Derek Bowett

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Professor Sir Derek Bowett
Personal details
Born (1927-04-20)April 20, 1927
Manchester, England
Died May 23, 2009(2009-05-23) (aged 82)
Nationality British
Spouse(s) Betty Northall
Children 3
Education William Hulme's Grammar School
Alma mater Downing College, Cambridge
Occupation Lawyer and academic
Military service
Allegiance  United Kingdom
Service/branch Naval Ensign of the United Kingdom.svg Royal Navy
Years of service 1944–1948

Sir Derek William Bowett, CBE, QC, FBA (20 April 1927 – 23 May 2009) was an international lawyer and academic. He was appointed Whewell Professor of International Law in 1981 and was President of Queens' College, Cambridge 1970 - 1982.

Early life and education[edit]

Raised near Manchester Bowett was a chorister at Manchester Cathedral, attended William Hulme's Grammar School and joined the Royal Navy at 18 years of age in 1945. After demobilisation he studied law at Downing College, Cambridge. After gaining a first class degree Bowett was encouraged to continue his studies by Hersch Lauterpacht the then Whewell Professor of International Law.[1]

His PhD (1958) was on “Self Defence in International Law”.

He was highly esteemed as a lawyer: J. P. Gardner (Director of the British Institute of International and Comparative Law) wrote in the Introduction to Bowett’s book International Court of Justice (1997), that his “….experience of international litigation is unrivalled…”


Work in Beirut and for Egypt[edit]

He spent 1966-1968 in Beirut as Legal Adviser to the United Nations Relief and Works Agency for Palestinian Refugees (UNRWA). There he experienced, from a distance, the Six Day War and, much more directly, its effects in terms of the great increase in the number of refugees falling under UNRWA’s remit. It coloured his attitude to the Middle East conflict thereafter: his rooms at Queens had on the walls photos of some of those refugees. In later years he successfully represented Egypt against Israel in a significant territorial dispute.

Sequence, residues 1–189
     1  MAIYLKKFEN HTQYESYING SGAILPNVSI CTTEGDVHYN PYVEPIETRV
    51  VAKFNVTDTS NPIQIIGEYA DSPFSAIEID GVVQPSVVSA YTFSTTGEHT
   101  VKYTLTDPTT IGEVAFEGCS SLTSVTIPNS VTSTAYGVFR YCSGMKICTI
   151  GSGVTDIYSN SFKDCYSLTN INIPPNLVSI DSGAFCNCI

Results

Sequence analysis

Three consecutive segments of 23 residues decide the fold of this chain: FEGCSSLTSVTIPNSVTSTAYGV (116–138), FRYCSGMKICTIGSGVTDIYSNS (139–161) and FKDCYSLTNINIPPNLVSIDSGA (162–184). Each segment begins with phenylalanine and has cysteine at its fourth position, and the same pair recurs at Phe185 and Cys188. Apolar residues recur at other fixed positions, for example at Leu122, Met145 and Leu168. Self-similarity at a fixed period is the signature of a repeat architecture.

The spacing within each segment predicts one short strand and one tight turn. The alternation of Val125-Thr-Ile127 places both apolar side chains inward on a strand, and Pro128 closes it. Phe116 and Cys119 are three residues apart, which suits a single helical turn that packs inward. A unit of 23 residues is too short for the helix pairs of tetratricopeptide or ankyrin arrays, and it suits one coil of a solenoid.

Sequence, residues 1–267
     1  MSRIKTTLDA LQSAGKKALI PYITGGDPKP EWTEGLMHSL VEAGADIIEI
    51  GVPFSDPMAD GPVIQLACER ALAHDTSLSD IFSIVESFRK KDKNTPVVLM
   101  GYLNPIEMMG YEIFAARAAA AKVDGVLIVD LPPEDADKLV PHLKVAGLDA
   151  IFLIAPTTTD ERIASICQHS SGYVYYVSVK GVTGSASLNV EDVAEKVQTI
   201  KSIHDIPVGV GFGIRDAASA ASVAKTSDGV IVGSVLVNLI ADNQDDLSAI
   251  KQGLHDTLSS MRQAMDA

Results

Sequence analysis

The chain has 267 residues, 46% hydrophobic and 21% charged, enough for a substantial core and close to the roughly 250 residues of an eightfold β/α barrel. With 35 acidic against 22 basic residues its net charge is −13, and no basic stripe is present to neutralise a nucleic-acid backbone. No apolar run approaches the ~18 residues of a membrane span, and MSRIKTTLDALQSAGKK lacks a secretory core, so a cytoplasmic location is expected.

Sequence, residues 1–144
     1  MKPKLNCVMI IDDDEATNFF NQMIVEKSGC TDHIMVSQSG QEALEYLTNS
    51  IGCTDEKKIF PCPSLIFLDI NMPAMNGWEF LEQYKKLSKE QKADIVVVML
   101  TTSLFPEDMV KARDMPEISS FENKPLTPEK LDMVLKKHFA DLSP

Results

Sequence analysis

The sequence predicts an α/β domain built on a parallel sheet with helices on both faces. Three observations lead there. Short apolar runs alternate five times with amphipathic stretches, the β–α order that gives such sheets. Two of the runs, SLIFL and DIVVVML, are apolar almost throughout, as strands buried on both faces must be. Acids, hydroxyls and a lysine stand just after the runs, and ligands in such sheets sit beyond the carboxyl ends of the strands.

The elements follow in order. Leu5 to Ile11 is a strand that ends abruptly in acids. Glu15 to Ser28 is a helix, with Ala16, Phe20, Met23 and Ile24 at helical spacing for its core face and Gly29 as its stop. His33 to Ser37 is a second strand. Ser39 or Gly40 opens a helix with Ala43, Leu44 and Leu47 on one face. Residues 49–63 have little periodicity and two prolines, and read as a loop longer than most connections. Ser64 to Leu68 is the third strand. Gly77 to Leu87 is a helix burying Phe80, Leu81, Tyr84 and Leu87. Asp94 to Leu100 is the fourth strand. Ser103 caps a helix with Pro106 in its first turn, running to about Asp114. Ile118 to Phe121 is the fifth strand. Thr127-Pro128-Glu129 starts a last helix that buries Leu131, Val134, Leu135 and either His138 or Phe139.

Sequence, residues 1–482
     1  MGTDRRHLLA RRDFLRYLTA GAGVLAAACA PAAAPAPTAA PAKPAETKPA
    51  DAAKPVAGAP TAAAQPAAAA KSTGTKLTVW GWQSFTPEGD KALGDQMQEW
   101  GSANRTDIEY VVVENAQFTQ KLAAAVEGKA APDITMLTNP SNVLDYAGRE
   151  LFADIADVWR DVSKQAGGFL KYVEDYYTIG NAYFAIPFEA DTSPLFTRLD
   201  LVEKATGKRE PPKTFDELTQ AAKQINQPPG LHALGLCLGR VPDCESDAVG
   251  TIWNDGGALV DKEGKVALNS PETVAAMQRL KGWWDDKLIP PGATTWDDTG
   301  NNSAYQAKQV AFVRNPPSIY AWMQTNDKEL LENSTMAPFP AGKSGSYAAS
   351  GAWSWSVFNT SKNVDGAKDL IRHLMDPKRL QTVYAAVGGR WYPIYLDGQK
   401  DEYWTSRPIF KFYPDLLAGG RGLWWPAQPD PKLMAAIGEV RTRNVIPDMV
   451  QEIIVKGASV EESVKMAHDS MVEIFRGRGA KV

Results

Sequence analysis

Work in Somalia[edit]

In 1964 while a Fellow of Queens' he was asked by the newly independent Government of Somalia to advise it on its territorial disputes with Ethiopia and Kenya. This was his first international law brief. On arrival in Mogadishu he was asked to draft a diplomatic note closing the British Embassy, on the basis that Britain was refusing to give effect to a plebiscite in the Northern Frontier District of Kenya, which had voted by a large majority to reunite with Somalia. Lacking experience in rupturing diplomatic relations, he asked to see the standard work, Satow’s Guide to Diplomatic Practice. But the Somali Foreign Ministry had no books of any kind, and he was told to borrow it from the British Embassy. The book was duly returned, with a note of thanks and another, more formal, note giving the Ambassador four days to leave. It seems to have been a case of persona non grata sed liber gratus.

Personal life[edit]

While in his first job as a university lecturer at Manchester University, Bowett shared a house with three young women, including a "statuesque blonde with a sharp sense of humour", Betty Northall. Derek and Betty were married in 1953. [1] [2] Bowett was an avid tennis player and a big fan of Roger Federer.

His son is Adam Bowett, the expert on Chippendale furniture.[3]



  • Conversations with Professor Sir Derek William Bowett: a contribution to the Squire Law Library's Eminent Scholars Archive, 2008 (3) Legal Information Management, 214 - 222.
  • Marjorie Millace Whiteman (1898–1986). Compiler of the Digest of International Law (1963-72: 15 volumes known as “Whiteman’s Digest”), helped draft the UN Charter 1945, and legal advisor to Eleanor Roosevelt who chaired the UN committee that drafted the Universal Declaration of Human Rights 1948.
  • Obituary by Lesley Dingle and Daniel Bates [4]
  • Obituary in Guardian [5]
  • Images of Bowett
Academic offices
Preceded by
Sir Arthur Armitage
President of Queens' College, Cambridge
Succeeded by
Lord Oxburgh